Mineral Resources and Energy Minister Gwede Mantashe has said that the government has undertaken the procurement of an additional 2 000 megawatts of energy to create a conducive environment for the country as an investment destination. Photo: File
Mineral Resources and Energy Minister Gwede Mantashe has said that the government has undertaken the procurement of an additional 2 000 megawatts of energy to create a conducive environment for the country as an investment destination. Photo: File

State to procure 2 000MW of extra energy

By Dineo Faku Time of article published Nov 18, 2020

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JOHANNESBURG - MINERAL Resources and Energy Minister Gwede Mantashe has said that the government has undertaken the procurement of an additional 2 000 megawatts of energy to create a conducive environment for the country as an investment destination.

Mantashe said the government had embarked on a serious programme to acquire additional capacity needed to supplement Eskom’s supply.

Mantashe highlighted that the government had implemented the Risk Mitigation Independent Power Producer Procurement Programme that is aimed at procuring 2 000 megawatts from a combination of technologies.

“The deadline for submission of response to request for proposals is December 22, 2020,” said Mantashe.

He also said that the government was procuring additional power from existing renewable energy independent power producers.

Mantashe said the industry’s response to the Covid-19 challenge was to identify interventions in the economic recovery and reconstruction plan that would place the minerals and energy sectors on a recovery and growth path.

“One of the interventions is the recognition that exploration is the lifeblood of mining,” he said. “We must prospect, explore and exploit the world-class mineral deposits we have.”

Business leaders and the government presented a united front on the first day of the investment summit yesterday, which is aimed at raising R1.2 trillion, telling investors that South Africa was an attractive investment destination despite its myriad economic challenges.

The summit aims to reduce unemployment and poverty and to present South Africa as an attractive investment destination.

It is based on the investment momentum that started in 2018 before the onset of the Covid-19 pandemic.

Foreign direct investment flows into South Africa, for example, rose sharply from R26.8 billion in 2017 to R70.6bn in 2018.

The two-day event was the third investment summit and was attended by about 175 delegates from listed companies, emerging firms and entrepreneurs, business associations, labour and the government.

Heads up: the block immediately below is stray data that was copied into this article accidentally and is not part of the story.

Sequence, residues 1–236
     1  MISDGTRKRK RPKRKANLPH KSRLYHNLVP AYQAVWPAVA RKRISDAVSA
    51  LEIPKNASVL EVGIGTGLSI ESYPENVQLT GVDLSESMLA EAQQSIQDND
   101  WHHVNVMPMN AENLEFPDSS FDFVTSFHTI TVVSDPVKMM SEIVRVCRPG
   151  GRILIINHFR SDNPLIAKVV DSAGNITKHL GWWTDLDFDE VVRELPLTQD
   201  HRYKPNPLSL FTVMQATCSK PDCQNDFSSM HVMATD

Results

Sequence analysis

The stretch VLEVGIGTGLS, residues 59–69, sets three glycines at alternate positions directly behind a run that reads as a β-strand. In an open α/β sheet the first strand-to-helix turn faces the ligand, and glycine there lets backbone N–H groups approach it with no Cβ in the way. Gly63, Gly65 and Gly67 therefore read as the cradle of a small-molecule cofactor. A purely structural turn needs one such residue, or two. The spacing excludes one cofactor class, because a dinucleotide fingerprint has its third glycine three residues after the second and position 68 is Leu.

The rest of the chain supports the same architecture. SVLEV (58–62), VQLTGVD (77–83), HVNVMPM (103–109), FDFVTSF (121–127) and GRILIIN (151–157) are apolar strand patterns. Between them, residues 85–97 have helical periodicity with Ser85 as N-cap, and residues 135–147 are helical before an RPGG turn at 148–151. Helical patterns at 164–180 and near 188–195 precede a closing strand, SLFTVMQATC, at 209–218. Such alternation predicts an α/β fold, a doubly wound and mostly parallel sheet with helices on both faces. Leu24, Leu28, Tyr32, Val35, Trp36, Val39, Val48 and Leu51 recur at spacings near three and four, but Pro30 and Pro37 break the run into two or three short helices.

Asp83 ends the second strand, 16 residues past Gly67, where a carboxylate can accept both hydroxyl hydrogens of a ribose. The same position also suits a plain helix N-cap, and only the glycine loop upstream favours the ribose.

An additional 1 000 online delegates from different parts of the world have registered to date.

On Monday, President Cyril Ramaphosa said that Covid-19 had forced many promising investments pledged at previous conferences to be scaled back or put on hold.

Mantashe said the energy sector aimed to resuscitate green field exploration with the aim of capturing a minimum of 5 percent of the global exploration share, which averages $10 billion (R154bn) a year.

“We have deliberately decided to invest in the geoscience mapping programme, through the Council for Geoscience ,” he said, “We believe this will boost investor confidence due to availability of more reliable geoscience data.”

The summit came amid the economic fallout as a result of the Covid19 pandemic and as South Africa digests the record unemployment rate recorded during the third quarter of 2020. South Africa also on Friday faces a fiscal cliff and risks a credit downgrade by global ratings agencies Moody’s and Fitch that already have South Africa on a negative outlook.

Last week, Statistics South Africa announced that the country’s official unemployment rate had risen to 30.8 percent during the third quarter due to the impact of Covid-19 – the figure highest documented since the Quarterly Labour Force Survey started in 2008. The expanded unemployment rate increased to 43.1 percent during the third quarter.

Minerals Council South Africa president Mxolisi Mgojo said South Africa was at a precipice.

“Hard economic decisions need to be taken, and soon,” said Mgojo.

BUSINESS REPORT ONLINE

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